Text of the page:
Why do some people get really sick with viral infections and others do not?  It is not the virulence of the virus.  That generally remains the same across strains. It may be viral load, with health-care workers at greater risk.  Mainly, however it is the terrain, not the virus.  Our health vs the virus.



The Terrain

The terrain the virus invades plays a big part in the outcome.  It may be time for us as individuals and as a population to shake off fear and stop waiting around for a vaccine to save us.  Yes, a viral infection can kill; yes, a viral infection can result in neurological disability; yes, a viral infection can result in Chronic Fatigue Syndrome.

These are not new phenomena.  What is new is that the media and authorities have found it useful to highlight these aspects of a viral infection.  Not many years ago Chronic Fatigue Syndrome was roundly dismissed by conventional medicine, but now it’s promoted as a disease process by both mainstream medicine and media.  There are innumerable viruses that can result in any of the outcomes mentioned.  Yet, we don’t fear these unnamed organisms that are always around us.

The health or otherwise of our bodies, that the virus finds itself in, makes up the terrain.  The terrain is a combination of our genes and environment.  Mainly it is our environment, as this is what effects our gene transcription (i.e. turns genes on and off).  It is our health vs the virus.

This is not to lay blame on an individual for contracting a disease.  On the contrary, it is to allow individuals to maximize their chances of preventing and overcoming viral illnesses by optimizing the terrain that is their bodies.

Yes, social distancing perhaps helps, and hand hygiene definitely does. Lock-downs and (non-medical) masks may help, but that is a contested point1 and it is too soon to draw conclusions.  An effective vaccine is a way off.  The biggest advantage is in keeping our terrain healthy.  Humans have evolved with viruses. It has always been our health vs the virus.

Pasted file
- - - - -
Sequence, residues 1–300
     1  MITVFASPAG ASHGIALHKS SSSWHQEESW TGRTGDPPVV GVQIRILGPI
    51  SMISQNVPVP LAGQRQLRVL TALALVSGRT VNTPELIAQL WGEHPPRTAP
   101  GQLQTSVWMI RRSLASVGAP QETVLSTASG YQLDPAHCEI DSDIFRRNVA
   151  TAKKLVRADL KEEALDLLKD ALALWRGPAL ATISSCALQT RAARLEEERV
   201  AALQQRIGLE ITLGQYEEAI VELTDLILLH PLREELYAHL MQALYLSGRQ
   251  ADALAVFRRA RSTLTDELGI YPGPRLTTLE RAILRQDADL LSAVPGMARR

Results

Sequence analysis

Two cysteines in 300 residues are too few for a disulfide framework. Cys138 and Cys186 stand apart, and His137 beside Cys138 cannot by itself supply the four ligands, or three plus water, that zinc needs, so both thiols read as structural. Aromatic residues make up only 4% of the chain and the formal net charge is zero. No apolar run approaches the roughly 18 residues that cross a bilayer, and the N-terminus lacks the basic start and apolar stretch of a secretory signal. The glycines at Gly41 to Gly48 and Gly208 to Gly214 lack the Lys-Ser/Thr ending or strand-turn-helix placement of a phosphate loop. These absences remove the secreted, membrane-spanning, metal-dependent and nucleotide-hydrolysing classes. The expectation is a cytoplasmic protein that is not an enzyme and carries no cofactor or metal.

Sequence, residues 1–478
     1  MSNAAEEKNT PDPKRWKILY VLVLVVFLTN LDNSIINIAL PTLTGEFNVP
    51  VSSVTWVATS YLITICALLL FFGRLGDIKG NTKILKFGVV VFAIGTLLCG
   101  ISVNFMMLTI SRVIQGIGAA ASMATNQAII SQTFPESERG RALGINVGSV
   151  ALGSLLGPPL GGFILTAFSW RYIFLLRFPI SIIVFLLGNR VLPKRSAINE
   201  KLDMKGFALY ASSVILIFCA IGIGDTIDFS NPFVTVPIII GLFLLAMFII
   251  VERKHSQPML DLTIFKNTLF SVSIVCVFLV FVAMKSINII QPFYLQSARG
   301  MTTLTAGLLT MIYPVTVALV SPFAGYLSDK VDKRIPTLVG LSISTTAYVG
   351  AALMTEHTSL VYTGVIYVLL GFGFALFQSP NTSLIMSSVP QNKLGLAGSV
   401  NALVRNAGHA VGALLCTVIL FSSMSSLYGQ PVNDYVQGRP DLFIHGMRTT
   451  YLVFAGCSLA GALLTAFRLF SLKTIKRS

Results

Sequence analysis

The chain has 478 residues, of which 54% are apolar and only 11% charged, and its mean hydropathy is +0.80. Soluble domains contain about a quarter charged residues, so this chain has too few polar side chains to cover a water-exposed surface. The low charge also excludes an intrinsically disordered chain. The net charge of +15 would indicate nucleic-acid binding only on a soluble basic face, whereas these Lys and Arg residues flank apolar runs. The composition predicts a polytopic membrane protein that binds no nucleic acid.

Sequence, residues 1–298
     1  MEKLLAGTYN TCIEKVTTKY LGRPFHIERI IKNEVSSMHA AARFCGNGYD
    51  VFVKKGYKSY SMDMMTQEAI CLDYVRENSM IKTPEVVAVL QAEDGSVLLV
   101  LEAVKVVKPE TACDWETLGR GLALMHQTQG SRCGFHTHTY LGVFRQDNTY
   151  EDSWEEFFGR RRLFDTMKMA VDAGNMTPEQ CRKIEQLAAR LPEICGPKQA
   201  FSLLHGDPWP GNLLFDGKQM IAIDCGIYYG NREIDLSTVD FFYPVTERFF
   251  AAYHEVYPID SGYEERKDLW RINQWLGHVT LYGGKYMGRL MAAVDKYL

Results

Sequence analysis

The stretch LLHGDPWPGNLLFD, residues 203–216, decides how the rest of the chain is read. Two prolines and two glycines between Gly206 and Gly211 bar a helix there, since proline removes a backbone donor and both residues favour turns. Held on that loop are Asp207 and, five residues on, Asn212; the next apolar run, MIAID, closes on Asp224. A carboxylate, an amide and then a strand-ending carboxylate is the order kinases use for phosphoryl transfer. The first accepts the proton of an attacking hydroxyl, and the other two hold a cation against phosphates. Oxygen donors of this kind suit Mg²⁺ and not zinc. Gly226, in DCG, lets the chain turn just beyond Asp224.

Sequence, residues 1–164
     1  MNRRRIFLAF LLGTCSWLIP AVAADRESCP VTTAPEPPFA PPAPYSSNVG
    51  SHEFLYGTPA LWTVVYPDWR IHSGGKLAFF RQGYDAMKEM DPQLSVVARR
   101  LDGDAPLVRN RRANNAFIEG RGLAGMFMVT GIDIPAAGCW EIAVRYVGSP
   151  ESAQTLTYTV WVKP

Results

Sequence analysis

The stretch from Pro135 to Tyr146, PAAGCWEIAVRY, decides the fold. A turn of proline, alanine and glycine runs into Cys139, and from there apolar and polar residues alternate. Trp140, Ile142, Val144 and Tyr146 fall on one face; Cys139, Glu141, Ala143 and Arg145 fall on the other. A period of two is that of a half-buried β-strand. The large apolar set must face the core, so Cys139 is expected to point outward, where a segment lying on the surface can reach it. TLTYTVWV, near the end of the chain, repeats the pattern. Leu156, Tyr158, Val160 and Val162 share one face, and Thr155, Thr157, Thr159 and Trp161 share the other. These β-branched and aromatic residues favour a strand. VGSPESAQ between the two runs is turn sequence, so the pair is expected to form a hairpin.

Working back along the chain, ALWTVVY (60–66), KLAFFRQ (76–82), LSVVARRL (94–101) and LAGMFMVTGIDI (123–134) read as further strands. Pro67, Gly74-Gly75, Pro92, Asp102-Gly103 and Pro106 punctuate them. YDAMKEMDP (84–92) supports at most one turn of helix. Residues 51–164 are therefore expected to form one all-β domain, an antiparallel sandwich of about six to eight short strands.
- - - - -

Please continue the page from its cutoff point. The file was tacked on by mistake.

How to Choose Freedom by Enhancing Terrain

Diet and the frequency of eating probably provide the greatest benefit for health vs virus.  So much confusing information is available with regard to diet, that it is no wonder that some have given up and are sitting on the couch waiting for the vaccine.  I have studied diet since the age of 10 and it has been a moving feast (excuse the pun).  Without getting into the diet wars, for those ready to choose freedom, I would refer them to Dr. Jason Fung’s excellent book “The Obesity Code” and for shorter reads to my blogs on Diet and Treats.

From the start of this pandemic, obesity has been strongly associated with poor outcomes.2,3  While weight-loss may take time, decreasing (or stopping) carbohydrates can help, not only as a high glucose level affects the immune system,4 but being in ketosis may provide immune support against respiratory infections.5

There are of course many other ways to optimize health vs the virus.  I have written about this before, at the early stages of the epidemic.  Some of the statistics have changed, but the basic message of defending ourselves remains current.

While the great hope of vaccines are not without side-effects,6 and may in fact be less effective in those who are obese,7 choosing freedom and health come with a multitude of side-benefits.

With thanks to the person who posted this on Twitter. I have been unable to find the author.


With health vs the virus, I choose the freedom to improve my health and optimize my chances.


  1. MacIntyre, C.R., et al. A cluster randomised trial of cloth masks compared with medical masks in healthcare workers. BMJ open 5, e006577 (2015).
  2. Petrilli, C.M., et al. Factors associated with hospitalization and critical illness among 4,103 patients with COVID-19 disease in New York City. medRxiv, 2020.2004.2008.20057794 (2020).
  3. Anderson, M.R., et al. Body Mass Index and Risk for Intubation or Death in SARS-CoV-2 Infection: A Retrospective Cohort Study. Ann Intern Med (2020).
  4. Jafar, N., Edriss, H. & Nugent, K. The Effect of Short-Term Hyperglycemia on the Innate Immune System. The American Journal of the Medical Sciences 351, 201-211 (2016).
  5. Stubbs, B.J., et al. Investigating Ketone Bodies as Immunometabolic Countermeasures against Respiratory Viral Infections. Med.
  6. Jackson, L.A., et al. An mRNA Vaccine against SARS-CoV-2 – Preliminary Report. N Engl J Med (2020).
  7. Painter, S.D., Ovsyannikova, I.G. & Poland, G.A. The weight of obesity on the human immune response to vaccination. Vaccine 33, 4422-4429 (2015).